Wednesday, February 25, 2009

"Schools hope for best, prepare for the worst"

Tara Malone and Jo Napolitano coauthored this article concerning how the as much as $3 billion dollars in stimulus funding could effect Illinois public schools.  The article's lead is a bit of a combination of both summary and feature styles.  It begins in summary form, answering the 5 W's, but ends with a humorous simile.  Normally I'm in favor of trying to make the news more fun, but from what I've learned in journalism 200 so far, it shouldn't be.  The end of the lead is misleading because it conveys a lighter tone that the story really conveys.  
The authors did a great job of finding quality sources for this story.  Many of the quotations come directly from high ranking officials and experts.  This article also demonstrates great depth, with information on many different school district's and how each plans on using the stimulus funds they hope to receive.  
There are no signs of the authors' biases in this article, as they did an excellent job of reporting facts and attributing information to sources. 
The main focus of the article is on how different school districts are going to use the money they receive from the economic stimulus.  Since they do not yet know how much they will receive, many school districts are being very cautious.  The authors deliver the main points of the article in a clear and easy to read manner.  I especially like the quotations used in this article, they flow nicely with the story and contribute instead of simply repeat points.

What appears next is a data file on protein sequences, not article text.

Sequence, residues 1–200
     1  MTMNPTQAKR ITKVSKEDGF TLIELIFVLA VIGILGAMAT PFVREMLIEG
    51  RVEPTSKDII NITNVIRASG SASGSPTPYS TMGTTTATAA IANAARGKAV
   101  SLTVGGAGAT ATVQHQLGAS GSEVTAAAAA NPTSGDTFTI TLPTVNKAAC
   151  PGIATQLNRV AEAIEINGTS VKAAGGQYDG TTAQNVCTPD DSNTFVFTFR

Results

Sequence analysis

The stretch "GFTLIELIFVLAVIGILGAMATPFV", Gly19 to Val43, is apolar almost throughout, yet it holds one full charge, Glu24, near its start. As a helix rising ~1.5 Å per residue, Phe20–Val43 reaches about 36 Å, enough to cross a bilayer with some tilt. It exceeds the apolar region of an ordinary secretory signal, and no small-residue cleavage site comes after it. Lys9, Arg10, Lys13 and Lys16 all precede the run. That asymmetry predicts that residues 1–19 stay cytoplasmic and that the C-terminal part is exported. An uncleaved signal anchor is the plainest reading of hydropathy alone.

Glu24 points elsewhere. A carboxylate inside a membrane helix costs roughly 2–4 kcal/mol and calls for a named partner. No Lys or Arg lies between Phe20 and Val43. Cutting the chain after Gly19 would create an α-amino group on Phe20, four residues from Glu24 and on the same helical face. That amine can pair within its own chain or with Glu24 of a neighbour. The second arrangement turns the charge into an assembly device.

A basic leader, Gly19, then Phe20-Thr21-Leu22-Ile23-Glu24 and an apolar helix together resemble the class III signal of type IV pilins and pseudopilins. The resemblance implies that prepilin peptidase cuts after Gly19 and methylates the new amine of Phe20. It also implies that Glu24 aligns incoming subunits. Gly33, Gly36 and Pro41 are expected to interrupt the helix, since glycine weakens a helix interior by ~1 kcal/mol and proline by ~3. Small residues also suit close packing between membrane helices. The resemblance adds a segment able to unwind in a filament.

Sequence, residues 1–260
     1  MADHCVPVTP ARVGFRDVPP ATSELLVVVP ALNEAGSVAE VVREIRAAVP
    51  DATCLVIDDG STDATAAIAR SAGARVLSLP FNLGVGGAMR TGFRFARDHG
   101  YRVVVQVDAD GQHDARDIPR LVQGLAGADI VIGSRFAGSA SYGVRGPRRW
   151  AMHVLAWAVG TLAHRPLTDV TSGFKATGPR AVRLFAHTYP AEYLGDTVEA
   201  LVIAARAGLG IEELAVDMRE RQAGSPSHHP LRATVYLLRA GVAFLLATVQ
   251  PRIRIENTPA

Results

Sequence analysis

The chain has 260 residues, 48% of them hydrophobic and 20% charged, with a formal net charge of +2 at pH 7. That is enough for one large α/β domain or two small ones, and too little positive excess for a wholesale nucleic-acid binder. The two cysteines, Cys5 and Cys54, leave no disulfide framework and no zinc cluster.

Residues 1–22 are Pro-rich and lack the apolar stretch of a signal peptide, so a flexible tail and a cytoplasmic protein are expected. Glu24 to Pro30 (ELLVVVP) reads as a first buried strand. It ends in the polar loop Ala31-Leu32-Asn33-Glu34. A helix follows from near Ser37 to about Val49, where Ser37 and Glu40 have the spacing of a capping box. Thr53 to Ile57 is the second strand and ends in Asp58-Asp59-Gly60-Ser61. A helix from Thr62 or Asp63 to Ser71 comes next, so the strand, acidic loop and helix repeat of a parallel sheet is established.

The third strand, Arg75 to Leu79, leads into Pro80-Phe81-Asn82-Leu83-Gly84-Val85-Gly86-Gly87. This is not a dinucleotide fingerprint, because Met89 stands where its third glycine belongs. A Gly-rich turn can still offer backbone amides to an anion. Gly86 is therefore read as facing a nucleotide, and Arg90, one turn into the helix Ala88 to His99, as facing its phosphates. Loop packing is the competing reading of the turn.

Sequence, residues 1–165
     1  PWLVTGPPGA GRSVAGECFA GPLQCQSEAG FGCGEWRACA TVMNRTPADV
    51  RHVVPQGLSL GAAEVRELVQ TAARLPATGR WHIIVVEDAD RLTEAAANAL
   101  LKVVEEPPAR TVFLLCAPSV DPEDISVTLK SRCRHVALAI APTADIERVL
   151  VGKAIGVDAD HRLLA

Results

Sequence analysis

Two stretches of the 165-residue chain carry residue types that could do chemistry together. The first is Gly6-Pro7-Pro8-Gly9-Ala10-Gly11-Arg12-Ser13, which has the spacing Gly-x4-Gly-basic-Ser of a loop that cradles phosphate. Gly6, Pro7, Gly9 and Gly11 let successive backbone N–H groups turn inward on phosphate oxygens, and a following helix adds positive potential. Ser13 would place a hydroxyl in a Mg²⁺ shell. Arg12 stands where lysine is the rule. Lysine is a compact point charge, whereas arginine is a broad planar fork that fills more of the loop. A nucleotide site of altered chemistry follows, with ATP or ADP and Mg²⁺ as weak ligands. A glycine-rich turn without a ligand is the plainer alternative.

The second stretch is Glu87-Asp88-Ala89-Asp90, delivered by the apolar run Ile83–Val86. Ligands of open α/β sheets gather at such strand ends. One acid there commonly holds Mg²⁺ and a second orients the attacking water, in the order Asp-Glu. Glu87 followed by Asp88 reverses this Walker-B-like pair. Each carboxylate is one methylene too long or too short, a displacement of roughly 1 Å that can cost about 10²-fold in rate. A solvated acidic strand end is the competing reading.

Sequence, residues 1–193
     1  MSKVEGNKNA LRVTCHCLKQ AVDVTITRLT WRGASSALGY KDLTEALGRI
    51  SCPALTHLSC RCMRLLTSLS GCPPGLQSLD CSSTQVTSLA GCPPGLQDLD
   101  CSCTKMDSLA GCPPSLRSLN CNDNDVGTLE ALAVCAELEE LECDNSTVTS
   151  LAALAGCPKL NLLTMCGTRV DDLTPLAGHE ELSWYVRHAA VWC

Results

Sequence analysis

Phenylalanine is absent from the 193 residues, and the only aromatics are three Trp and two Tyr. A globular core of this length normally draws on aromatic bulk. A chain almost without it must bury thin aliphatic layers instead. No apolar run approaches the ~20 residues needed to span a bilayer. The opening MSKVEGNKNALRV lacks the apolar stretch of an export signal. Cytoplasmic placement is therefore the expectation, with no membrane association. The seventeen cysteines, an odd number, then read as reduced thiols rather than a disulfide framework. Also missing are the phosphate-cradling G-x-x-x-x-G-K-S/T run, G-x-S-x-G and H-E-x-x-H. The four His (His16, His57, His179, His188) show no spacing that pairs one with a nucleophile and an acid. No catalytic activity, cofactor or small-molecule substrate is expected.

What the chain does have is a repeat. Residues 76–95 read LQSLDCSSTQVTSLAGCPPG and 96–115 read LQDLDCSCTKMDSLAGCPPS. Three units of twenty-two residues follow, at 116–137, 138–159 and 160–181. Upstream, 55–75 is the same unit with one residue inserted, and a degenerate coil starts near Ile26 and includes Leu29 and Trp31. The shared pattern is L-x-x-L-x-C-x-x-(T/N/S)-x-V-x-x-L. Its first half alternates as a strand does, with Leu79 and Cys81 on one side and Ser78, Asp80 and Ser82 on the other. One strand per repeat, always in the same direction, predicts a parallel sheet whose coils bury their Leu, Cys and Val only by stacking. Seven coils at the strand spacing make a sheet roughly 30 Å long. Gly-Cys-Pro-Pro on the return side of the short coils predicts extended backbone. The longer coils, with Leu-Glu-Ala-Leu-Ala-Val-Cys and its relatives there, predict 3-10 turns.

1. "Normally I'm in favor of trying to make the news more fun, but from what I've learned in journalism 200 so far, it shouldn't be." haha

    I think it would've been nice to get some comments from teachers. Getting people that are higher up is great because they have a grasp of the legal situation, but talking to the teachers would've added a more human perspective. For example, a higher ranking officer could say that $X is going towards upgrading technology in class rooms, but what does that mean for each class room? The executives are more removed from the actual situation than teachers are, I think.
    Just a thought.

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  3. that last post from "Trent" was actually me. I was accidentally logged into my friends account. haha.


    Tiffany: I definitely agree. I think that's whats cool about journalism, etting out and talking to people from all different perspectives/levels of an issue.

    Also...HA loved the quote. But I think news CAN be fun. We're just not alowed to have fun writing it. (totally joking)

    But anyway, Sam, I appreciate that you are following the same story in your beat. Do you think that the different reporters have brought different perspectives to the topic?